The funny thing about Togo’s name is that it’s not the big “WTF” twist that this episode has up its sleeve. You see, Sonoko reveals one more thing to Togo — the island of Shikoku is actually all that’s left of the world, kept safe by the barrier the Shinju has created. Surrounding it is a hellish realm heavily populated by the Vertex. Togo walks to the other side of the barrier to see for herself and is horrified that Sonoko is once again telling the truth. The best part about all this is that when I think about it, this twist was actually telegraphed throughout the show. The very first shot of the OP is actually the remnant of the world surrounding the Vertex’s domain. Multiple times you are shown how there’s a plateau circling Japan.

I think the reason why this twist feels more hidden is because the show doesn’t make a huge stink about it like it has with its other hints. The first shot in the OP bears no significance until now. The characters don’t directly acknowledge the plateau and therefore, you don’t acknowledge it unless you pay extreme close attention to the details. There’s also the fact that you wouldn’t necessarily think about the show only taking place in Japan. I did wonder if there exists Heroes in other countries or if everyone in the world worships the Shinju but that just seemed to be part of the show’s conceit. That’s the case with a lot of stories. For example, is it odd that My Hero Academia is just set in Japan despite Heroes being a job worldwide? Yes but it’s a manga/anime. That’s just part of its conceit. The fact that YuYuYu is actually making a plot point out of something you take for granted is honestly surprising to me, not to mention very clever.

While the horde of Vertex horrifies Togo, what truly distresses her is finding out that the twelve the Hero Club fought is getting reconstructed. This means the cycle of Heroes vs. Vertex will truly never end and the Heroes will have to keep fighting until they literally can’t anymore. The interesting thing is that Togo says she wouldn’t mind this if she was the only sacrifice. Her whole life, she dreamed of serving her country and the Shinju and the truth is that she pretty much got what she wished. But because Yuna and everyone else is involved, she decides to do the unthinkable. She damages the barrier and lets the Vertex swarm in to destroy the Shinju.

Truth be told, I’m a little confused as to how exactly Togo’s plan will work. The destruction of the Shinju would free everyone from the Hero system, maybe even restore their bodies, but wouldn’t doing so doom the world? Wouldn’t dooming the world also means no one is alive to enjoy any sort of benefit from the Shinju’s destruction? The only way I can see this plan working out completely would be if it turns out that the Vertex are actually the good guys but that sounds weird to me. There’s also the other Heroes to consider. I’m curious how they’ll react to finding out what Togo has learned but them being okay with her insane plan feels like a stretch to me.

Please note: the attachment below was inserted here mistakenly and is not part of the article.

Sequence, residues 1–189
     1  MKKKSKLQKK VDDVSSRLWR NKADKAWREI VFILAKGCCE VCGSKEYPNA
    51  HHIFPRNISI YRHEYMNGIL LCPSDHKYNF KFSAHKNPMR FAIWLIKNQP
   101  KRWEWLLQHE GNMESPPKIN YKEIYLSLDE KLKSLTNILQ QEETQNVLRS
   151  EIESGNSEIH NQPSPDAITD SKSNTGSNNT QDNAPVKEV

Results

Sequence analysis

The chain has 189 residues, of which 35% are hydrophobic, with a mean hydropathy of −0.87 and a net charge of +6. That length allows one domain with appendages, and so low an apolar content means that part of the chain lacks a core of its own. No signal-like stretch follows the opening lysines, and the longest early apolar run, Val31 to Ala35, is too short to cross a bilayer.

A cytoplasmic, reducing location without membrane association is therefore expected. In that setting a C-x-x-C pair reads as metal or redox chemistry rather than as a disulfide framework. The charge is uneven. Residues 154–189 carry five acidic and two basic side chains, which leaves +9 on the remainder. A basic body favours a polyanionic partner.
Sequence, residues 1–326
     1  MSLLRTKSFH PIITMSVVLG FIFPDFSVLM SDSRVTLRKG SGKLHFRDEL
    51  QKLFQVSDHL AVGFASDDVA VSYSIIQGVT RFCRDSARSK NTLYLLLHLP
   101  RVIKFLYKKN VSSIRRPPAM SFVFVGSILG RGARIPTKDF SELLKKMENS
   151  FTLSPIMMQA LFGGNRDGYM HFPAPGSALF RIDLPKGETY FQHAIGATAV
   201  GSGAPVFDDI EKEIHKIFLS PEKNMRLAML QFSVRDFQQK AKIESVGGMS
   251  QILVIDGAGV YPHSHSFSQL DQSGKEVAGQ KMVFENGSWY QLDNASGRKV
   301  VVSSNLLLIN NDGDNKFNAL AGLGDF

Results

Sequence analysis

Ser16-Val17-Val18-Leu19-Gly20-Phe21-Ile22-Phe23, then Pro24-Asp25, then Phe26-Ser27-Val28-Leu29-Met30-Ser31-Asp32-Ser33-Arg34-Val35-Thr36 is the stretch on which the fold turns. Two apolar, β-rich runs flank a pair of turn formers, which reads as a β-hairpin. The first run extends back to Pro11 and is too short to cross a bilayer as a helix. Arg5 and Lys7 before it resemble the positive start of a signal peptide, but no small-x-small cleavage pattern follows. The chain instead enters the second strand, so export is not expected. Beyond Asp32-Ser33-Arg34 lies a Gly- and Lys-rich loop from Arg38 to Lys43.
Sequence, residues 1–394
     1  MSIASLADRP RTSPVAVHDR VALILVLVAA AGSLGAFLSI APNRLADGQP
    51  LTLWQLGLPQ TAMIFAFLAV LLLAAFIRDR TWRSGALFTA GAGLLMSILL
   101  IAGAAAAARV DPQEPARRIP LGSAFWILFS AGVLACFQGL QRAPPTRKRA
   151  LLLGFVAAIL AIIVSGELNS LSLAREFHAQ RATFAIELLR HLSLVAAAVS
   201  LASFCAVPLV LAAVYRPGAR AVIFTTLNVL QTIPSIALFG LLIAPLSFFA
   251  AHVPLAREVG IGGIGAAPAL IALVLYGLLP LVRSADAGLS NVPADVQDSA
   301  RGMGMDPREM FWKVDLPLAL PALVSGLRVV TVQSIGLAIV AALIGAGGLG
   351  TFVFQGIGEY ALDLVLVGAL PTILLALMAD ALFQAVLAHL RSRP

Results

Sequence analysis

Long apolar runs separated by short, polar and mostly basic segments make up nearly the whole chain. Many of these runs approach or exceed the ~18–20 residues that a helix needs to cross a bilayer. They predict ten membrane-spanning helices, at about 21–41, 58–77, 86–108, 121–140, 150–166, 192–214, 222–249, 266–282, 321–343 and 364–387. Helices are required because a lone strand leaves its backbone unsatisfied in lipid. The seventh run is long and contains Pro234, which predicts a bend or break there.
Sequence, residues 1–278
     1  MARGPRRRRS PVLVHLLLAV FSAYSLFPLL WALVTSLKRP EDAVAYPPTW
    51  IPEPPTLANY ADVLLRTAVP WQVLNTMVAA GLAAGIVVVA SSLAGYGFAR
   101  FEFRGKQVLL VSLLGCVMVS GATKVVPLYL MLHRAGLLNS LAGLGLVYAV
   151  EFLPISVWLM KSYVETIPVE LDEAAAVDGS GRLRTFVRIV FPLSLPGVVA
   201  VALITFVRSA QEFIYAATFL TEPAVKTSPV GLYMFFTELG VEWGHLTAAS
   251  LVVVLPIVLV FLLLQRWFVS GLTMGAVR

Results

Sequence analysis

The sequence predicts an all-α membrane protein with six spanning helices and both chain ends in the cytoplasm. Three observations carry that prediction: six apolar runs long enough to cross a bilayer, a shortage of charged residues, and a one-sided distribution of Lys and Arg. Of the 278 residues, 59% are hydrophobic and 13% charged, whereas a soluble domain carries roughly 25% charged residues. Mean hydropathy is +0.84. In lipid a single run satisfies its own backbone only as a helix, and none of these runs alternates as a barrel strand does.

The ending also does remind me an awful lot of Madoka. From how the Hero system works to the fact that Heroes and Vertex must cyclically fight forever, it’s all very akin to the true nature of Madoka‘s magical girls and Witches. Togo’s action here is downright Homura even. Darn it, they even have black hair and pull their stunts in the tenth episode. Does that make Yuna a Madoka then? They did say Yuna has the highest magical aptitude…

I will say that this scene is the perfect set up for a final battle (assuming this is the final battle for Season 1). In the last review, I expressed curiosity on how YuYuYu didn’t truly being the magical girl suffering until very late into its story. To me, that’s a huge creative gamble but perhaps this ending is showing the benefit. This final stretch of episodes would not feel as crazy or wild if the show showed its true colors early on.

One last thing: how dare YuYuYu throw that ED at me. Same sequence but the usual version of “Aurora Days” has been replaced with a piano version sung solely by Togo. When the episode ended, I was trying to wrap my head around everything that happened and what might happen next. To have this ED play didn’t help me in the slightest.

Thanks for reading!

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2 thoughts on “Yuki Yuna is a Hero – Ep. 10

  1. Good observations! Also, I’ve always liked the OST music when the hellscape is revealed. I think it’s the only time in the series that particular track gets busted out.

    On your thoughts about Togo’s plan here, are you sure she’s thinking that rationally? Given her current mental state (feelings of betrayal, likely PTSD, multiple suicide attempts already, and now the shock of seeing what the world’s become), it’s possible that she simply has a death wish at this point.

    Liked by 2 people

    1. On Togo’s plan: not really, no. I think she genuinely thinks her plan will save her friends but it’s ballsy and seems driven by her emotions. I’m having a hard time imagining that Togo would want to drag her friends down with her (certainly Yuna at least) but I can see her not caring what happens to herself so long as the results benefit her friends.